3. Pre-Fill Notary Name in Acknowledgments (or Jurats) for Efficiency

Many law firms and estate planning attorneys have discovered that including pre-filled notary acknowledgments (or jurats) in their document drafting process is more efficient. These notary certificates are attached to the back of documents such as trusts or powers of attorney and are completed in advance with the appearance date, notary commission name, and signer’s names. During the signing ceremony, the notary only needs to sign and stamp the document, saving time and reducing the likelihood of errors. Alternatively, the notary may have to fill out their own notarial certificates after each document, which is more time-consuming. By providing pre-filled acknowledgments, you can save time and ensure accuracy before the signing even takes place. Save approximately 1-3 minutes per notarized document.

4. Ensure Signers Understand Documents and Address Clients' Questions Prior to Meeting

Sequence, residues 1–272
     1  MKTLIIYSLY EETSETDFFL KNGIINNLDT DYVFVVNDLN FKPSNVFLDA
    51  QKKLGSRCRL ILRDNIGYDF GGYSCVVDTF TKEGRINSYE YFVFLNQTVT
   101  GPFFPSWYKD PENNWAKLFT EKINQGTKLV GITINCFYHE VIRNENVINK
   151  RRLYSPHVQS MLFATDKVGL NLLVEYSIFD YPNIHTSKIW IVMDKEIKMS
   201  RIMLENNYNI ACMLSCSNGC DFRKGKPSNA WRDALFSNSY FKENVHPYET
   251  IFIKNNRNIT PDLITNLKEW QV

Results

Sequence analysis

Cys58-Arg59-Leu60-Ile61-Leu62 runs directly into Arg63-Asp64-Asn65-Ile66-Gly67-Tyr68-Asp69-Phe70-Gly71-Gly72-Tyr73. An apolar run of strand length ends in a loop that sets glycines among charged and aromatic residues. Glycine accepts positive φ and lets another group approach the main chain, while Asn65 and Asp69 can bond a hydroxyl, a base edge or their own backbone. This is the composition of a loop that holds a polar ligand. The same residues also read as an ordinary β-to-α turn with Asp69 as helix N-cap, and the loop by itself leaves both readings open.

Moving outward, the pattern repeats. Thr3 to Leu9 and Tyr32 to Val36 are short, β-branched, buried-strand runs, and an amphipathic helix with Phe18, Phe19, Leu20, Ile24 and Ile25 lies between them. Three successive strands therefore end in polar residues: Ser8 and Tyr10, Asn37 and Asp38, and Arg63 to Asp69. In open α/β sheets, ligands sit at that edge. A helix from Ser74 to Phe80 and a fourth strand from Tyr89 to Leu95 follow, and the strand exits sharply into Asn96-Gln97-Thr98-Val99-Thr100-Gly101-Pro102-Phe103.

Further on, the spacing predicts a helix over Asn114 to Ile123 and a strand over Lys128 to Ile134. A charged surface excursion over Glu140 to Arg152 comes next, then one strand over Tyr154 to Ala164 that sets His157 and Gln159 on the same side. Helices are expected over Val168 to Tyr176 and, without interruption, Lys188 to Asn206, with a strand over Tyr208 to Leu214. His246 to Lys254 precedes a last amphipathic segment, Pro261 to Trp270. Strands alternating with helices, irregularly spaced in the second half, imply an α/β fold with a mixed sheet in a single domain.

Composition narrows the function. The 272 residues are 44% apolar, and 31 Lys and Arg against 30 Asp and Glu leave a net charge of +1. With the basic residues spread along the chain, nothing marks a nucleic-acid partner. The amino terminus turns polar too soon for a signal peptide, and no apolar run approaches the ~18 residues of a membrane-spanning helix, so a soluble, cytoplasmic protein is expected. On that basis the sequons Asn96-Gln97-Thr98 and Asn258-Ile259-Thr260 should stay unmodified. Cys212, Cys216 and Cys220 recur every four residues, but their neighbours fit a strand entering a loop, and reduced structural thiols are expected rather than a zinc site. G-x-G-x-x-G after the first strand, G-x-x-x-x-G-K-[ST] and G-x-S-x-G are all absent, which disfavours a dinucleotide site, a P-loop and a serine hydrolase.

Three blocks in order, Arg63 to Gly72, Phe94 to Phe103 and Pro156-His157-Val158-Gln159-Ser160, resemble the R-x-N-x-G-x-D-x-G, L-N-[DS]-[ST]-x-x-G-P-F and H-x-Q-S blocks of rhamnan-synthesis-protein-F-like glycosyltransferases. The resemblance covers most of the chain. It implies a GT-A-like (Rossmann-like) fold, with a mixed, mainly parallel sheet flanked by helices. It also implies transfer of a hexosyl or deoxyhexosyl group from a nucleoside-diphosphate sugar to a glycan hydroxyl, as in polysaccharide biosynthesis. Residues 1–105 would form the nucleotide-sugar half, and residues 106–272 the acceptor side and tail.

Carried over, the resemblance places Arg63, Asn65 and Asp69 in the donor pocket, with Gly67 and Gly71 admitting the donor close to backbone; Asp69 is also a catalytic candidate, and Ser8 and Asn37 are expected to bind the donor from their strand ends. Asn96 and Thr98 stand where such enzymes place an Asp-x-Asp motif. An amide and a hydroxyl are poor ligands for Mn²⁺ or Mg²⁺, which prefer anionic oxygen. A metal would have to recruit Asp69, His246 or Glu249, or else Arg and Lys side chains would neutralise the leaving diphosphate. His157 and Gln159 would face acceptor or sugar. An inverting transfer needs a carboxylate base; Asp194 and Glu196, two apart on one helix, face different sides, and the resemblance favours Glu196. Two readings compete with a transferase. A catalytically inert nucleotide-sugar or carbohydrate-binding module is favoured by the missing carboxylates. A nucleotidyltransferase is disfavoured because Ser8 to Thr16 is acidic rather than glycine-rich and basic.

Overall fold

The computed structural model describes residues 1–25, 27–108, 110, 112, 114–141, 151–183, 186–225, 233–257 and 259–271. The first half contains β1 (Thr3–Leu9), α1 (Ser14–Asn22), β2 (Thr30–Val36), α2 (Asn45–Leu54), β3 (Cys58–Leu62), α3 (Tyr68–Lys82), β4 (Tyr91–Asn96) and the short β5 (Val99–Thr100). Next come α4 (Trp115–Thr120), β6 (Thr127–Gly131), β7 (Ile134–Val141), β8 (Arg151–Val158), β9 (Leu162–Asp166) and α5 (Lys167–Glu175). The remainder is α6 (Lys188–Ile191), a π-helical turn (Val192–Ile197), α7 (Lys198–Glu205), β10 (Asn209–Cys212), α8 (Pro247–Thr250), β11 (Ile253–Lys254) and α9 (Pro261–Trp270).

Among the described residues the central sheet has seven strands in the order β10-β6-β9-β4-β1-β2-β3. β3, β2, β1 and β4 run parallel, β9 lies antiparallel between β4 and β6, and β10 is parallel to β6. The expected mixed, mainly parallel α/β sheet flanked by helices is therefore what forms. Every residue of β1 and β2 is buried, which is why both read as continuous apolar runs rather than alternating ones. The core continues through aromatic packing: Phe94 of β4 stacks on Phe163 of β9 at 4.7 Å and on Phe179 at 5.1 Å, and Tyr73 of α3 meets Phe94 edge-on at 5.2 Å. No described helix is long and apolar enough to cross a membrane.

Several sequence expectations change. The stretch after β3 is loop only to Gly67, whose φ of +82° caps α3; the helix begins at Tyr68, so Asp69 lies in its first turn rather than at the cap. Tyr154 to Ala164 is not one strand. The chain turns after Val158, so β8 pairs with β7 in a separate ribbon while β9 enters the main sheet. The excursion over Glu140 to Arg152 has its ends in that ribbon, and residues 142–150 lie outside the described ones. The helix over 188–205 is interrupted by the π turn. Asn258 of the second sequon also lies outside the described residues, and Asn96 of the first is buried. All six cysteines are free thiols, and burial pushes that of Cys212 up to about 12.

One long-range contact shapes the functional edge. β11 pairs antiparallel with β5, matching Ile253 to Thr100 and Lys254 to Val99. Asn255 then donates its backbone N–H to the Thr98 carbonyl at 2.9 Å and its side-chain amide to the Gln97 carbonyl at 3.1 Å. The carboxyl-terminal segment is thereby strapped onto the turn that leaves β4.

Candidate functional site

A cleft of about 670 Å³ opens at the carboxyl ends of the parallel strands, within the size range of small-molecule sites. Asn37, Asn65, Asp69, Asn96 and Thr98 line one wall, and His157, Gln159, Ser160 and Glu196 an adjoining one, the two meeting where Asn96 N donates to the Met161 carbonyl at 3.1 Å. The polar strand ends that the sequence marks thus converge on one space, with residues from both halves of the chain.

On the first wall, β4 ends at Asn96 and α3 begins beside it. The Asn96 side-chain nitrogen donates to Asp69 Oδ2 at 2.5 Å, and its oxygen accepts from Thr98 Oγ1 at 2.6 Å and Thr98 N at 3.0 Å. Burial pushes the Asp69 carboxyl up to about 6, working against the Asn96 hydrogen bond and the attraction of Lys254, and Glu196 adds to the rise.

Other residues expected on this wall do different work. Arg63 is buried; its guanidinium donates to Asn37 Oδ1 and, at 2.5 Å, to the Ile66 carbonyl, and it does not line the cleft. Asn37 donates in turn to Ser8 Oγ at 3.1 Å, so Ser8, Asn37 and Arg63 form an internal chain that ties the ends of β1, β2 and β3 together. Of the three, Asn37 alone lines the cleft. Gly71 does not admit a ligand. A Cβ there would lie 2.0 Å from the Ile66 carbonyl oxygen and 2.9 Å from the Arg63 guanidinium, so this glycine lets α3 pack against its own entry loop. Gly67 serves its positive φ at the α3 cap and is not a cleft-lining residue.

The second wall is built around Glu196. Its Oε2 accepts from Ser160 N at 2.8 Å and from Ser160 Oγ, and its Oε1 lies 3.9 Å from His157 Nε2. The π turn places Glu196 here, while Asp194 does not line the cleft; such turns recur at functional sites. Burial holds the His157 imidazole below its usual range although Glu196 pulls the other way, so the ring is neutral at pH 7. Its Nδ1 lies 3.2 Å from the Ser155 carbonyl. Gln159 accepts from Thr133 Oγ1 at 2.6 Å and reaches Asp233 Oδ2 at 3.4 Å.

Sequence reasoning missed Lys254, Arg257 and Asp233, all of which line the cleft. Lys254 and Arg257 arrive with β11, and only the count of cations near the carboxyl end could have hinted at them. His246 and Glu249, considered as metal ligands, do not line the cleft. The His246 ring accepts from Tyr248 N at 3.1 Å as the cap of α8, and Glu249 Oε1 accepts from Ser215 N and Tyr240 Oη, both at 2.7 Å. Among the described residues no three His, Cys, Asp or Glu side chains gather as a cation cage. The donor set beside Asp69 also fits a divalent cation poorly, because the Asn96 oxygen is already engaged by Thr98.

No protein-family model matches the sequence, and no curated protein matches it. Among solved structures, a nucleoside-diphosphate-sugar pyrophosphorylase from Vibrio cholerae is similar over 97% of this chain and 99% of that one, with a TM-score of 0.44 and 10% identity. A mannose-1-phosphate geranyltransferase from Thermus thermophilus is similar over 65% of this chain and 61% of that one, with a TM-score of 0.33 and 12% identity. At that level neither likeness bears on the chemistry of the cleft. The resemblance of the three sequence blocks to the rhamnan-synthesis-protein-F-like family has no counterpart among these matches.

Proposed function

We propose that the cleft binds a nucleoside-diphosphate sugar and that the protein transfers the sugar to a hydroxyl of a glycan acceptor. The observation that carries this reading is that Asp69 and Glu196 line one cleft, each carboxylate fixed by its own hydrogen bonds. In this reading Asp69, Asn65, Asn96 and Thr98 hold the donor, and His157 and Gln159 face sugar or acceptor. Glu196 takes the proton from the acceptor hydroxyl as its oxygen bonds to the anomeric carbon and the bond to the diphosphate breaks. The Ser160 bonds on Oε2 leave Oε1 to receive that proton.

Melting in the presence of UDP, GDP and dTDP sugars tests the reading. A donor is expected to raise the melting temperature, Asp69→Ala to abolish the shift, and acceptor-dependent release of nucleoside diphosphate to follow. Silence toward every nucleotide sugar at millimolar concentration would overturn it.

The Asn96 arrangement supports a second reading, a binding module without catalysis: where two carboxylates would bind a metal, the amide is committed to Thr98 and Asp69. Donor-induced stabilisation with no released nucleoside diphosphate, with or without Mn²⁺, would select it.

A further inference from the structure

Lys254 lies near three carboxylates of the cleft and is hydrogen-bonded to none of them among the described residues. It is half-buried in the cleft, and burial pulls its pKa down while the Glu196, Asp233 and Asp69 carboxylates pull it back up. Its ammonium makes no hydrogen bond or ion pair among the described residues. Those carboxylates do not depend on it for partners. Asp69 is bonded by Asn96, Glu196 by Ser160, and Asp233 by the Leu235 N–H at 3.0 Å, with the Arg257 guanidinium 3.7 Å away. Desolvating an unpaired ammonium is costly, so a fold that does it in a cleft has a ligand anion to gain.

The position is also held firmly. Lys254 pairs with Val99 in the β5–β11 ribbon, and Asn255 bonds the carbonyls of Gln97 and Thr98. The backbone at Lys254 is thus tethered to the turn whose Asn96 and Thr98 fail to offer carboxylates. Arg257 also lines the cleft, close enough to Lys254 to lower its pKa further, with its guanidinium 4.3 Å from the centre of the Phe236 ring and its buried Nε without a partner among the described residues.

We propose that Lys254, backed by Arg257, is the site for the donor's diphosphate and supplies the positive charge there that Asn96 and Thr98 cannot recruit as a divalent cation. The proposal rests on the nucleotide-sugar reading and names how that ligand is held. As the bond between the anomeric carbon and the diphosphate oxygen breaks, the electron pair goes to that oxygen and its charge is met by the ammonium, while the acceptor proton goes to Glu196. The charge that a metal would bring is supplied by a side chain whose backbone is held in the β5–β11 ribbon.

To ensure that signers are fully prepared for the notary appointment, many attorneys have automated a system by sending the documents to clients in advance, allowing plenty of time for review. Sending an additional email prior to the notary appointment can address specific areas within the documents that may typically provoke questions or require clarity at the conference table. Explaining these areas in advance will eliminate any unease or uncertainty during the appointment and minimize the possibility of rushed last-minute corrections that can lead to errors. Establishing a system that builds confidence for your clients in advance will result in swift signers and save approximately 15-60 minutes.

5. Follow Your Perfected Estate Plan Signing Routine for a Smooth Process

You and your notary have perfected the signing routine! The classical music is playing softly at volume 2, the fancy blue pens are laid out perfectly uniform in the center of the table, and the thermostat is set at a comfortable 72 degrees. Your clients enter the room refreshed, and like a beautiful symphony, the papers are passed from person to person with perfect harmony. Everyone is personable, laughter is shared, and the perfect estate plan ceremony is being conducted. You are the conductor! Your reputation for being exceptional grows, and your business flourishes. You’ve done it! Your estate plan is finished within your perfect parameters!

Common Estate Planning Documents That Require Notarization

The “Trust” is a fiduciary arrangement that allows a third party, or trustee, to hold assets on behalf of a beneficiary or beneficiaries.